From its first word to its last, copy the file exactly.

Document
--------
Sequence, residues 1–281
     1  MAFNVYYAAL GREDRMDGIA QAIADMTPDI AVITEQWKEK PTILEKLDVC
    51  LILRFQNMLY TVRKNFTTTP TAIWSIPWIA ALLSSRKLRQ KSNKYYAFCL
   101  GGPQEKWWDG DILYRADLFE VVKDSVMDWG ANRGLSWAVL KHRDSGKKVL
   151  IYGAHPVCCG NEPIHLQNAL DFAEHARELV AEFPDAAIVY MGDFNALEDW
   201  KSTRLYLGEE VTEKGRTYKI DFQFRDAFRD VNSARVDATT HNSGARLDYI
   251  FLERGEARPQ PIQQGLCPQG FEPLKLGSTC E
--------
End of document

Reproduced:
Sequence, residues 1–281
     1  MAFNVYYAAL GREDRMDGIA QAIADMTPDI AVITEQWKEK PTILEKLDVC
    51  LILRFQNMLY TVRKNFTTTP TAIWSIPWIA ALLSSRKLRQ KSNKYYAFCL
   101  GGPQEKWWDG DILYRADLFE VVKDSVMDWG ANRGLSWAVL KHRDSGKKVL
   151  IYGAHPVCCG NEPIHLQNAL DFAEHARELV AEFPDAAIVY MGDFNALEDW
   201  KSTRLYLGEE VTEKGRTYKI DFQFRDAFRD VNSARVDATT HNSGARLDYI
   251  FLERGEARPQ PIQQGLCPQG FEPLKLGSTC E